Wes Anderson's "The Grand Budapest Hotel" is a grand comedy of manners, or perhaps more precisely, a grand comedy about manners. That may sound too slight a topic to base a movie on, but if you think that, then you don't know Wes Anderson, or his movies like "The Royal Tenenbaums," "Fantastic Mr. Fox," and "Moonrise Kingdom."
He's practically created a movie genre unto himself, given his penchant for crafting sly, quirky, and charming celebrations of artifice and pretense. In his best films, (and "The Grand Budapest Hotel" is one of his best,) Anderson generates whimsical worlds that resonate ever so slightly with our own.
Despite multiple framing devices that jump between present day, the 1980's, the 1960's, and the 1930's, most of this film takes place in the 1930's, at a celebrated spa hotel high in the mountains of a fictional central European country called Zubrowka. With its exquisitely detailed architecture, The Grand Budapest Hotel looks like a fanciful wedding cake with ornate pink and white icing. Naturally, it caters to the wealthiest of the wealthy and they expect the best service possible.
This duty falls upon our hero, Monsieur Gustave, the hotel's concierge and manager, played to fastidious perfection by Ralph Fiennes.
Monsieur Gustave caters to his guests' every need to such a degree that he becomes the main attraction of the hotel. He sees himself as so much more than a mere concierge. He's the master, or maestro, of manners in the Grand Budapest Hotel. He insists on a strict code of conduct for himself and his staff, even if the people they are catering to fall far short of that code. A lover of hyperbolic romantic poetry, he's convinced that seeing the world through poetry's rose-colored glasses is not a way of denying the world but a way of improving it.
Much of the movie mines the humor in the discrepancy between his high-flown rhetoric and the dire circumstances he often finds himself in. For instance, at one point he's stuck in prison, forced to make the rounds of all the cells, delivering breakfast. But even then his well-bred civility can't be squelched.
"May I offer any of you inmates a plate of mush?" Monsieur Gustave asks. He proceeds to sprinkle a dash of salt into each bowl, you know, to bring out the hearty flavor of said mush.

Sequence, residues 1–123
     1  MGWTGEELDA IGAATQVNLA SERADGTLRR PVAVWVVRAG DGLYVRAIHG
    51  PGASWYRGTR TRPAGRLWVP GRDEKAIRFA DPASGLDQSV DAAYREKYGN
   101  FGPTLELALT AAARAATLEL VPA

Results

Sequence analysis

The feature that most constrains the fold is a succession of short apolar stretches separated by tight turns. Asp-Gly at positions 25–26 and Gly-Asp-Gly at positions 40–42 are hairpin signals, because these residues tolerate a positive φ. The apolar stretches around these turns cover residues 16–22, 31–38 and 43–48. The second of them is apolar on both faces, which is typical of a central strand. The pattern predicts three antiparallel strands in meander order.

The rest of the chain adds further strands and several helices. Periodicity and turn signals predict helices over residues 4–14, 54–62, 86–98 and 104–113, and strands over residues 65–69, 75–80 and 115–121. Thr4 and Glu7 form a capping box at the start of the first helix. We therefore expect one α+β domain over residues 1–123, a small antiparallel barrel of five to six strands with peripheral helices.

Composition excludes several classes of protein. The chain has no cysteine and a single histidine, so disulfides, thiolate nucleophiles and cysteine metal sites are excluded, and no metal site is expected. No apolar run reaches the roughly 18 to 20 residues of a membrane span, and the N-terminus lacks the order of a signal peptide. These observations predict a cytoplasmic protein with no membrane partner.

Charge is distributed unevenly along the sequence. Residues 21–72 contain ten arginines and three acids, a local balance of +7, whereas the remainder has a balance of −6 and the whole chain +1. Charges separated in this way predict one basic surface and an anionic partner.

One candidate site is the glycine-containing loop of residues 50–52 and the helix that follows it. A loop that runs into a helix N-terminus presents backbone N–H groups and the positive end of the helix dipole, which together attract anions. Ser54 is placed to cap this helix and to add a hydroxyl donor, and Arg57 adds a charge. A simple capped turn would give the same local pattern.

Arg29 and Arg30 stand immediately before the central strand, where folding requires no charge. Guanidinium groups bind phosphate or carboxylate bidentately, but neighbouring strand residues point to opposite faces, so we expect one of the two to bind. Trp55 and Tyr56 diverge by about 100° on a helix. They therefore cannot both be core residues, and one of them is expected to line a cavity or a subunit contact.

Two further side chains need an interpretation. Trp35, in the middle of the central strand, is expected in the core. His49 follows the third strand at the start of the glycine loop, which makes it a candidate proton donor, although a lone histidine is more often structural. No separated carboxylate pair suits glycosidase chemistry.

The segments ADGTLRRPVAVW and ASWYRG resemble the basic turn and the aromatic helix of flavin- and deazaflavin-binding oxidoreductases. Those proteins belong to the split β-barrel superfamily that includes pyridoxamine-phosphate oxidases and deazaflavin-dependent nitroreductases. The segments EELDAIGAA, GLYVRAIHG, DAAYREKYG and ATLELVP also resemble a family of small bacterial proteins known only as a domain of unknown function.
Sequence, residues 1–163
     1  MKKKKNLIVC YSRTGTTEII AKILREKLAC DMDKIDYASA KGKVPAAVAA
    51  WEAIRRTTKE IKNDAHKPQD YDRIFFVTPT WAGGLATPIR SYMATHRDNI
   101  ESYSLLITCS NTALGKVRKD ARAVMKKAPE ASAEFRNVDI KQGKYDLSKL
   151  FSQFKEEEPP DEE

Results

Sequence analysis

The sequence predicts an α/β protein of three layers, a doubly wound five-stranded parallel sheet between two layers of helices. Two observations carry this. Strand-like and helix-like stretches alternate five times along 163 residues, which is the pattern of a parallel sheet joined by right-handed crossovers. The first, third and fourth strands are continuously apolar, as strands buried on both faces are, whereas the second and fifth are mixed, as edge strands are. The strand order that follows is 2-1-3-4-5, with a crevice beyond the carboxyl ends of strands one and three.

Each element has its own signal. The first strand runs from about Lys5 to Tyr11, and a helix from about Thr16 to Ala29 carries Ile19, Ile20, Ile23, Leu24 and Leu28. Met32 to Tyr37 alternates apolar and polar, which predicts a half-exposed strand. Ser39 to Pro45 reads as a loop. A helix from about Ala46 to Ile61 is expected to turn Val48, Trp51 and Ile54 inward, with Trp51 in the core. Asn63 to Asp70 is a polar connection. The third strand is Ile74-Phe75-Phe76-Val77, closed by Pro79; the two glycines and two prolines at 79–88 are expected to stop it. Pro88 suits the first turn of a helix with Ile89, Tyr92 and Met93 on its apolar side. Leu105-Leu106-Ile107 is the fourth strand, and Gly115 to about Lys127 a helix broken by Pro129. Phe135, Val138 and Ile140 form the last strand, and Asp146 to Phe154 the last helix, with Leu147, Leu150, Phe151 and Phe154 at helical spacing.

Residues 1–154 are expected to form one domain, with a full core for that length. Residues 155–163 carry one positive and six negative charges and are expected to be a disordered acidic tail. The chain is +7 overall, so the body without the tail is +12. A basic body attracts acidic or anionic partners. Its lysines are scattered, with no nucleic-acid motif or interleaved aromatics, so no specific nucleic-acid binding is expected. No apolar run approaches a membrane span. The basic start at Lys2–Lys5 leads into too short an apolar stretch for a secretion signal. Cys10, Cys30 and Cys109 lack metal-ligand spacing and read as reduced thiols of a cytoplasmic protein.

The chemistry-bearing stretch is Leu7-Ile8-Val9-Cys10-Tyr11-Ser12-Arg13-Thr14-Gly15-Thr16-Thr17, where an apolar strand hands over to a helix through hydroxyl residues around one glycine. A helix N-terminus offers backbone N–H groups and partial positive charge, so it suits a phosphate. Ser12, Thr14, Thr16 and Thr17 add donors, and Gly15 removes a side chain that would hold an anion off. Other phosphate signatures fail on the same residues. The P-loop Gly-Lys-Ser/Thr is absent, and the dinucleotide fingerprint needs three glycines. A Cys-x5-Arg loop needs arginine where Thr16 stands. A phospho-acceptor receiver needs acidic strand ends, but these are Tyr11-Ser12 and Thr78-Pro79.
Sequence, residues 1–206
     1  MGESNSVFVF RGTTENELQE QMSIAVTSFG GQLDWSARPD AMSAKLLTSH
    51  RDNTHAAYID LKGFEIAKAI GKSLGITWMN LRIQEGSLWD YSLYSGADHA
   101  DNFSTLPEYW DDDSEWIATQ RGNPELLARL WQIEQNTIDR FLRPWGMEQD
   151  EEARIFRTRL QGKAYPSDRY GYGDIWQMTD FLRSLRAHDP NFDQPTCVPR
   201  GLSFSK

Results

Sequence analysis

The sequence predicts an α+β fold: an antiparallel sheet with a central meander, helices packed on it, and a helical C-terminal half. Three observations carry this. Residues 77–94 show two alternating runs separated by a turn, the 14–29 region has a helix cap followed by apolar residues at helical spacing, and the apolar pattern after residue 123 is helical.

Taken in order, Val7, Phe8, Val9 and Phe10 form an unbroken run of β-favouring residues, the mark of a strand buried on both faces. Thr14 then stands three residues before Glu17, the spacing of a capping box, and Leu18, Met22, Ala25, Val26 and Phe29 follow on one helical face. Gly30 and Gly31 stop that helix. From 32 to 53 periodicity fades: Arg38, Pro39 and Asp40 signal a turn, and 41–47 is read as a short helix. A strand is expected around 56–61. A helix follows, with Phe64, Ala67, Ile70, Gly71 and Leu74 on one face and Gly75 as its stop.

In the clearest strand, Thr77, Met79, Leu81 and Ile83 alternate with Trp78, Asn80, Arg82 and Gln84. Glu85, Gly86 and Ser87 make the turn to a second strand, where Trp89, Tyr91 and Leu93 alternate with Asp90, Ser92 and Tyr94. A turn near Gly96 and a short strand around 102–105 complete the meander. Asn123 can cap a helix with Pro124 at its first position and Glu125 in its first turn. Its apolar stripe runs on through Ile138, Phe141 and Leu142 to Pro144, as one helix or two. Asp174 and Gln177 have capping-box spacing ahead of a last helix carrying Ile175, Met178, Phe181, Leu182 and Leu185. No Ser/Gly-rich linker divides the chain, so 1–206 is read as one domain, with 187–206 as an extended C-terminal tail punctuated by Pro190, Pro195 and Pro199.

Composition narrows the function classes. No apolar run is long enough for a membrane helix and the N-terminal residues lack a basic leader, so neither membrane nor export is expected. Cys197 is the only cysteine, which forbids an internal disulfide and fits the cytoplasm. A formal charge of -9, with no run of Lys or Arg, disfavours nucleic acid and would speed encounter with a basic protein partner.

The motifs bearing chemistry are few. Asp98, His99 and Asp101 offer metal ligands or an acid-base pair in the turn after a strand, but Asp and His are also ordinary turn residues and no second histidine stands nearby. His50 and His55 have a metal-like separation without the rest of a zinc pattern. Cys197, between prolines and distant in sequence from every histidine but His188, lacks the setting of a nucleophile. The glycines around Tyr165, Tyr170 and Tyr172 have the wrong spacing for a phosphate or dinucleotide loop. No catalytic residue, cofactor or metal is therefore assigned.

If this is all starting to sound a bit too much like Anthony Hopkins in "Remains of the Day," I can assure you it's not, for I have yet to mention all the zany goings-on in this movie. With a cast of over a dozen celebrity actors, including Jude Law, Jeff Goldblum, Bill Murray, Edward Norton, and Willem DaFoe, farce becomes the order of the day. There are mad-cap chases, on trains, in monasteries, and sometimes on skis and bobsleds through the mountains. There are multiple instances of people hanging on for dear life by their fingertips, sometimes outside hotel room windows and sometimes on mountain cliffs. Silly shootouts in hotels and ridiculous prison breaks and a number of comical deaths are also thrown into the mix.
Despite all this frivolity, "The Grand Budapest Hotel" never becomes merely frivolous, thanks to its intimations of a nearing horror. Set, as much of it is, between the two World Wars, this movie readily acknowledges that its 1930's world is a bubble about to be burst. And all the romantic poetry in the world won't be able to save it.
When Gustave first references "a glimmer of civilization in the barbaric slaughterhouse we know as humanity," we laugh at its hyperbole and pretension. But by film's end it resonates as prescient. It turns out there's a nobility of sorts in Monsieur Gustave's superciliousness.
In some ways, "The Grand Budapest Hotel" reminds me of the candy-colored pastries carefully delivered to countless customers throughout the movie. Specifically the pastries smuggled into prison that were hiding files and chisels inside.
Wes Anderson's latest may look like a frothy lightweight confection, but buried inside is something substantial, and maybe even useful.